- Depending on the circumstances of your car accident, you may need to file a report with the DMV, the police, and your insurance company.
- To report to the DMV, you must fill out and submit the SR-1 form within 10 days.
- If you fail to fill out and submit a car accident report with the DMV, your license may be suspended.
- If someone was hurt or killed in an auto accident, and you were one of the drivers, you must report the accident to the police within 90 minutes.
Reporting a Car Accident to the DMV
An accident that causes injuries, death, or property damage greater than $1,000 to anyone vehicle or property must be reported to the DMV, as specified in California Vehicle Code 16000. To report to the DMV, you (or someone else on your behalf, such as an insurance agent or lawyer) must fill out and submit an SR-1 form (Report of Traffic Accident Occurring in California) within 10 days.
To fill out this form, you will need certain information: including the location and time of the accident, the names, addresses, birthdates, driver's licenses, and license plate numbers and states for the other drivers involved in the accident. You will also need their insurance information including the insurance company, policy number, and expiration date.
In addition, you will need to provide information like the name and address of your insurance policyholder, name and address of the owner of your vehicle, and details about any injuries or property damage sustained in the accident. You should gather this information at the scene of the accident so you can file a DMV report after leaving the scene.
The report can be delivered to your local DMV office or mailed to the office of the department of Sacramento at the following address:
Department of Motor Vehicles
Mail Station J237
P.O. Box 942884
Sacramento, CA 94284-0884
What Happens If You Don't Report a Car Accident?
If you fail to fill out and submit a report with the Department of Motor Vehicles, your driver's license may be suspended.
However, you do not need to file a report for an accident involving a vehicle owned or leased by the United States, the state of California, any other U.S. state, or a local agency; or for an accident involving a vehicle owned by a school district but driven by a contractor.
You also do not need to file a report if the accident occurred on your property and either did not involve anyone else or did not cause any personal injury or death.
Reporting a Car Accident to the Police
You must report an accident to the police within 90 minutes of the crash if someone was injured or killed and you were one of the drivers. If law enforcement arrives on the scene of the accident, then you can report it to them immediately, and if they file a written report, you generally do not need to file one yourself.
Under other circumstances, you must report the accident to the police department within 24 hours of the crash. These circumstances include cases when the property damage sustained in the accident is greater than $3000, cases in which drivers did not exchange information at the scene of the accident, a vehicle was towed or carried away from the accident scene, or the police did not arrive on the scene. If the police do not arrive, you can report the accident to your local police station.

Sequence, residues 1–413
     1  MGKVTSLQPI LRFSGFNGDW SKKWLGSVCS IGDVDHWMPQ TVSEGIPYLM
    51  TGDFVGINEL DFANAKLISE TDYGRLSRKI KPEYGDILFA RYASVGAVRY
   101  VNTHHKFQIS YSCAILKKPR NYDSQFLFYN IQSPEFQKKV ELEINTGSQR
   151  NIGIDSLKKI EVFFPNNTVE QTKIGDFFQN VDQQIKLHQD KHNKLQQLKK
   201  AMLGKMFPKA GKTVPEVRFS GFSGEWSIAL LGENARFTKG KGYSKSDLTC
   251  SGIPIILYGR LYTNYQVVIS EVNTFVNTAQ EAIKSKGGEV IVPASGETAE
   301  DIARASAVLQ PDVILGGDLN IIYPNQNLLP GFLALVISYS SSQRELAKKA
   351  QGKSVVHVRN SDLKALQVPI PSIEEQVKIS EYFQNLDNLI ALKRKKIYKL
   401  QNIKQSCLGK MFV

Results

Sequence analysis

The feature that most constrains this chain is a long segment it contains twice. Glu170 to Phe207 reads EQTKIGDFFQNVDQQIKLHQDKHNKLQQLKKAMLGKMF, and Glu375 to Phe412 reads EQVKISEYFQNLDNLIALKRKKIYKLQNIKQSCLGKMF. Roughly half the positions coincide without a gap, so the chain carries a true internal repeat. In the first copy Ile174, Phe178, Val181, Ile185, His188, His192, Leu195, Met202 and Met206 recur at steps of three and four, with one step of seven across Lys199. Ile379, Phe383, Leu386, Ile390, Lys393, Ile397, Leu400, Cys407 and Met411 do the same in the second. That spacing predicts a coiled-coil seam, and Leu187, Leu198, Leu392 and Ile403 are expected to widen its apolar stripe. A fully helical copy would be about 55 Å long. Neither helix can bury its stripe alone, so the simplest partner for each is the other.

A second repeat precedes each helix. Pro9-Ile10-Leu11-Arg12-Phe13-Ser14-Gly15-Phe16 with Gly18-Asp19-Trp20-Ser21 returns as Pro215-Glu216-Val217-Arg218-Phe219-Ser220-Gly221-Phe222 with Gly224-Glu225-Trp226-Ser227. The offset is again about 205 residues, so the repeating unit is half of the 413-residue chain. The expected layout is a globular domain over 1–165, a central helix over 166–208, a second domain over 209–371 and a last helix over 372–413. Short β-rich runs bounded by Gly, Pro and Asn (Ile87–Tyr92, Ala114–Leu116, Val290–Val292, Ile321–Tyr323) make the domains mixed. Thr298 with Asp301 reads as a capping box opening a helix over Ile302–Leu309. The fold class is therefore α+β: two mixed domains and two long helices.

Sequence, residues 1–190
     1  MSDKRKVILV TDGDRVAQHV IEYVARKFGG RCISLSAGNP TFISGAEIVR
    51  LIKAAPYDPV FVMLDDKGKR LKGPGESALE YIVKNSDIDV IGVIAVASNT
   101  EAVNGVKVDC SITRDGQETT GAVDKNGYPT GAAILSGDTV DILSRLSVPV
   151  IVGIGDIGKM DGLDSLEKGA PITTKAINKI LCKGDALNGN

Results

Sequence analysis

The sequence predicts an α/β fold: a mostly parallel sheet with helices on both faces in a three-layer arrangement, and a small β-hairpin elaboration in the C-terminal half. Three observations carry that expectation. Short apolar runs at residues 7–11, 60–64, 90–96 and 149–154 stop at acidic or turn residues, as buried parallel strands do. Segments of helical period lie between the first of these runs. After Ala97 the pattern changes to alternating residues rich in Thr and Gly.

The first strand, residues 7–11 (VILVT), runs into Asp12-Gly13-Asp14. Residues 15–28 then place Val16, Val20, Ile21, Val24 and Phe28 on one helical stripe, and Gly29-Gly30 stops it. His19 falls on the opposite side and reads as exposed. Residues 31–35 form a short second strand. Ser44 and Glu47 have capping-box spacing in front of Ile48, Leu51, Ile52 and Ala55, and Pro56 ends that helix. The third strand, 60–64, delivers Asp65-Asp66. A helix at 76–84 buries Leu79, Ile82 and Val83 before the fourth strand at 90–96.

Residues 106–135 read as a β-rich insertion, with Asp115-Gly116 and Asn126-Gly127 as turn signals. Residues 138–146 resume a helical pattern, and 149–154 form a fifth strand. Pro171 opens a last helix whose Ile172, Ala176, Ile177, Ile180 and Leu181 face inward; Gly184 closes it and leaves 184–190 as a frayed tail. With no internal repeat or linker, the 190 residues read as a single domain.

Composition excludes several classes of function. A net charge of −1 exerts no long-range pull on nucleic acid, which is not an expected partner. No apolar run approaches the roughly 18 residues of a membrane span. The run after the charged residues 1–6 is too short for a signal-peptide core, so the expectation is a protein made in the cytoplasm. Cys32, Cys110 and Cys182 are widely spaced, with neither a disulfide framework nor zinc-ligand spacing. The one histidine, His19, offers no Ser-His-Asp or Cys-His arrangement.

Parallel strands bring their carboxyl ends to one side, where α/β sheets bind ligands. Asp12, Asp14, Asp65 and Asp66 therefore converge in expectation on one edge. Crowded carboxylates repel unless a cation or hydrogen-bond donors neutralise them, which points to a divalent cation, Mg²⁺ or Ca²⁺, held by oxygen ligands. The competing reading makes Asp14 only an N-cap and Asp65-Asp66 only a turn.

How to File a Police Report
To file a police report, you will need to give information about yourself, including details about your driver's license and vehicle registration. You will also need to provide the location and time of the accident, and information about everyone else involved in the accident, including their vehicle registration information. In your report, be as detailed as possible. When you describe what happened, include details like the number of passengers in the other vehicle, the names of any witnesses, and any injuries or property damage to your vehicle, yourself, and your passengers.
If the accident occurred on a highway, report it to the California Highway Patrol. Otherwise, report it to the local police of the city in which the accident occurred. In some cases, you can report a crash online.
Even if you feel a police report is unnecessary, it may still be a good idea to file one. Remember that not all injuries from accidents manifest immediately, and you may not realize at first the extent of the damage your vehicle sustained. Additionally, the other party in the accident may later change his or her mind about who was at fault in the accident – in which case a police report will be helpful.
Reporting a Car Accident to the Insurance Company
While you are not legally required to report an accident to your car insurance company, automobile insurance companies generally require you (or the policyholder) to report an accident within a reasonable period of time. To be on the safe side, you should report an accident to your insurance provider within a day or two of the crash, even if the accident was minor. This way, you'll be able to find out if your insurance provider will cover the accident. If you wait too long, you may go past a time limit that could affect your ability to file an insurance claim.
Consult With A Qualified Car Accident Attorney
Even if there are no serious injuries, navigating procedures and paperwork required after an auto accident is complicated. A wrong move could cost you thousands of dollars and possibly your driver's license. If you've been involved in a car accident, contact us online or call us at (707) 575-7141 to arrange a free consultation.